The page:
Dont get confused over the white fabric, this is a mock up! Although she mentions boxed pleats, these are "cartridge" pleats.

Date: 2016-01-20 11:37 pm (UTC)
From: [identity profile] droxy.livejournal.com
The pattern I used that can be adapted is this>>>


McCalls Costume Pattern 3789.

BE WARNED THAT THIS COMES IN CHILD SIZES MAKE SURE YOU GET ADULT. lol This pattern requires 11 yards of fabric if I recall.

What this pattern attempts to mimick is Gandalf the grey. By considering allowances for cartridge pleating, and the yoke from Yvette's page- this pattern can be modified into snape's teaching cloak ala movie. In short- allow for more fabric and extend the yoke. The Yokes is going to require lining, but only the yoke, and that's because you are going to need interfacing (get the heavy fusible stuff)

Just know Yvette is an advanced and very skilled seamstress and she make my stuff like like crap. She uses very pricey fabric. LOL But you can do robes and you can modify.

Date: 2016-01-20 11:48 pm (UTC)
From: [identity profile] droxy.livejournal.com

how to cartridge pleat.

The "sleeve" is not closed at the bottom. On mine the 3 inch wide collar piece goes down all the way to the floor and the piece attached to it that hangs in front of the arm is triangular with the top 8 inches attached to the side piece. The side piece is half pleated starting in back and stops near the top of shoulder.


Date: 2016-01-26 03:55 am (UTC)
From: [identity profile] dragoon811.livejournal.com
Hi Droxy!! Sorry for not answering sooner, but I was keeping a hold of your replies in my Inbox so I wouldn't forget to look over them. :)

No one out here has the gandalf pattern (boo), BUT in my more-research, I found that some others suggest using the choir robes pattern (Butterick....5626? It's in the other room now lol) and looking at it, I think that's a better choice for my learning-to-sew-still skills. (As it has the pleating AND the yoke! I can make it longer, add the train/fork and fix the sleeves and I can always add more pleating) but the tutorials you linked are really going to come in handy!! Thank you so much!!! :-D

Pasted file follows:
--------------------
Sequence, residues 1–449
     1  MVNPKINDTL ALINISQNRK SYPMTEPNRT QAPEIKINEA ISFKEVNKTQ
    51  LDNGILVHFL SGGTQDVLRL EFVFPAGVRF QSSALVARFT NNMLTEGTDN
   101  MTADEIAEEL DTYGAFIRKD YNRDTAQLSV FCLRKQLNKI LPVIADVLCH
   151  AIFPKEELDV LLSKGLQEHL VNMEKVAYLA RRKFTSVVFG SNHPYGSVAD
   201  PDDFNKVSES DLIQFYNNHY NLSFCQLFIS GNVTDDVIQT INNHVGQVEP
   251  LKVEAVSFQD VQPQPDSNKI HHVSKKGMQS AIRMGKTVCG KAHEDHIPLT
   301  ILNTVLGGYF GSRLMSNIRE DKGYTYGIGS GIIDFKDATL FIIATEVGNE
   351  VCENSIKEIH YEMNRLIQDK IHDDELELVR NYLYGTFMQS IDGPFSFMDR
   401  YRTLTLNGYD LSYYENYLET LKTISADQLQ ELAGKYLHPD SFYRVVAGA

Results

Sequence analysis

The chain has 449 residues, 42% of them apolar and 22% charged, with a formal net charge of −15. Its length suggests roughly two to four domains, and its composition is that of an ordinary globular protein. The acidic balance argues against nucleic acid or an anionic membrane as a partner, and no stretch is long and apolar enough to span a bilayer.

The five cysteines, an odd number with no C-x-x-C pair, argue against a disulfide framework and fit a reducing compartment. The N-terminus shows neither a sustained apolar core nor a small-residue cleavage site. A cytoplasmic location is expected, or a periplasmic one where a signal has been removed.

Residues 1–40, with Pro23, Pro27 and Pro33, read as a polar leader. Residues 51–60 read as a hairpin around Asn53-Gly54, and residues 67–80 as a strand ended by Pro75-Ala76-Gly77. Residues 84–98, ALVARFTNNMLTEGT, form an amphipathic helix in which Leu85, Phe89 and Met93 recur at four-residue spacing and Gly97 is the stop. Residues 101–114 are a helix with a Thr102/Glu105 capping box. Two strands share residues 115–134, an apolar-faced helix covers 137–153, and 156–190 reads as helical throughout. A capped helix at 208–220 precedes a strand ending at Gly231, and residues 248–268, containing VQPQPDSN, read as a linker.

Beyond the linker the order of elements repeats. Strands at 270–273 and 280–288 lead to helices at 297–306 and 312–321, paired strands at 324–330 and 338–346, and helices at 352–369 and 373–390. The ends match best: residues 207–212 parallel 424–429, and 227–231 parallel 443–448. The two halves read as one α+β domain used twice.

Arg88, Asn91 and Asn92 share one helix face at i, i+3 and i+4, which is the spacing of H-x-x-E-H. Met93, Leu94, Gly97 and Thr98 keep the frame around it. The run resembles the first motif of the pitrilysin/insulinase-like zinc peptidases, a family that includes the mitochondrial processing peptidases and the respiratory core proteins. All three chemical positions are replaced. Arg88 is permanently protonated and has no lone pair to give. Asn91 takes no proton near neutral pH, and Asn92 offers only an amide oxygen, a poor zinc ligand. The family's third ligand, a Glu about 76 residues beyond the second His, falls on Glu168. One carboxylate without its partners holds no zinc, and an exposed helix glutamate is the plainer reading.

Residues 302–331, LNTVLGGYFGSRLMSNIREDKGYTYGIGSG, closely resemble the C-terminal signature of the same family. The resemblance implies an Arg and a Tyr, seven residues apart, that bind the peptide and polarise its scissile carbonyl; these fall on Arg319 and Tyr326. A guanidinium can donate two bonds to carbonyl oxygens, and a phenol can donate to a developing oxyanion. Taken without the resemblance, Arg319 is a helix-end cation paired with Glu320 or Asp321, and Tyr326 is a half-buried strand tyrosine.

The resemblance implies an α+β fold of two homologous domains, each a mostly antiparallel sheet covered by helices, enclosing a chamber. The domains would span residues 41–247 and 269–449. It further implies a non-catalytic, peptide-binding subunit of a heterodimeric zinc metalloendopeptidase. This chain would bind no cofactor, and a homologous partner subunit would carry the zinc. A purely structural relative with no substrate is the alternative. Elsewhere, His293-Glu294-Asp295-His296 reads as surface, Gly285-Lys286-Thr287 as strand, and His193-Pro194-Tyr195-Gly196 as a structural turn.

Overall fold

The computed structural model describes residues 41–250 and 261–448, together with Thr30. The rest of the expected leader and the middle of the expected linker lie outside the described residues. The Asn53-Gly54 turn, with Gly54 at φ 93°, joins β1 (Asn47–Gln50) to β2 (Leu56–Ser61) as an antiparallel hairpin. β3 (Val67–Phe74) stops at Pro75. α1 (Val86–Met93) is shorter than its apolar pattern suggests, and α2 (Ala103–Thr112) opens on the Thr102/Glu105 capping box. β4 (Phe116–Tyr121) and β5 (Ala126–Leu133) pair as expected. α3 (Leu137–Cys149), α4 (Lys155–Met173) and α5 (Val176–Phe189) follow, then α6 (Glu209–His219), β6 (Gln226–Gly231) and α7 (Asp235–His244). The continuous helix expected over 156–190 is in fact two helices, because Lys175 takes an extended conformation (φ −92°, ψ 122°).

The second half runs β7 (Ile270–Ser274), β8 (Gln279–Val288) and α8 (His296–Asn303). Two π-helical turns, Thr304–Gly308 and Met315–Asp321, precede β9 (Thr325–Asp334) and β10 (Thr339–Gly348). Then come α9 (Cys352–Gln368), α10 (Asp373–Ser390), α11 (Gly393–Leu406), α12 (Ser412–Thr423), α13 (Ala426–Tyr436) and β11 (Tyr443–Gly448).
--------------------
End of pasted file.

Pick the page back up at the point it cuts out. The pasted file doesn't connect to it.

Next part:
I now have 14 meters of a blackish blue fabric that won't shrink (and it was 50% off with my coupon, yay!) and three rolls of polyester thread, and a deep sinking fear in my gut of "oh god, oh no, I am going to ruin this"! :-D

I'm just a teeny bit terrified and making a to-do list in easy chunks, like.. measure Bobby. Cut out pattern. Modify pattern. Cry. Cry more. Wash and iron fabric. Sob brokenly.

You know, the usual!! I'm excited about this :-D Thank you, droxy!!! ♥♥

Date: 2016-01-27 02:58 pm (UTC)
From: [identity profile] droxy.livejournal.com
LOL- well if you need help you can call me on the phone =) For me the worset of it is bleeping pattern instructions, and their strange language. I had to rely on the internet alot. I eventually bought a cheap book from a goodwill. It's a dated book, but sewing is sewing and it was worth the 2 bucks.

Date: 2016-01-18 08:20 am (UTC)
From: [identity profile] sparrowspark.livejournal.com
Just jumping in to say, your knowledge is awesome and I'm impressed ^_^

Date: 2016-01-20 11:10 pm (UTC)
From: [identity profile] droxy.livejournal.com
awe Thank you! But I am just a costumer

Date: 2016-01-18 04:46 am (UTC)
From: [identity profile] lenaa1987.livejournal.com
Black crepe? I've got a few long coats made out of that - gorgeous and light and wasn't expensive to have them made up by a tailor. This was overseas but I'm assuming that the material wouldn't be too expensive elsewhere? Very billowy.

Date: 2016-01-20 12:23 am (UTC)
From: [identity profile] dragoon811.livejournal.com
I shall have to check it out when I go to the fabric store, thank you!!

Date: 2016-01-26 03:43 am (UTC)
From: [identity profile] dragoon811.livejournal.com
Hellooooo! I checked out the crepe, and it's a bit slippery for me to wrestle with, though it flowed oh-so-nicely!! I bet your coats are amazing!!!!!

Date: 2016-01-18 08:21 am (UTC)
From: [identity profile] sparrowspark.livejournal.com
I made a pencil case once in high school. That is all. XD
and then some loser stole it out of my bag at the library ;_;

Date: 2016-01-20 12:24 am (UTC)
From: [identity profile] dragoon811.livejournal.com
In high school I made a plush scottie dog and a pair of boxer shorts, both of which I gave to my sister lol.

Date: 2016-01-20 04:55 pm (UTC)
From: [identity profile] dragoon811.livejournal.com
Yeah, I did the boxers out of a flannel plaid, sewed the fly closed, and added an iron-on daisy lol. they were super cute when they were done.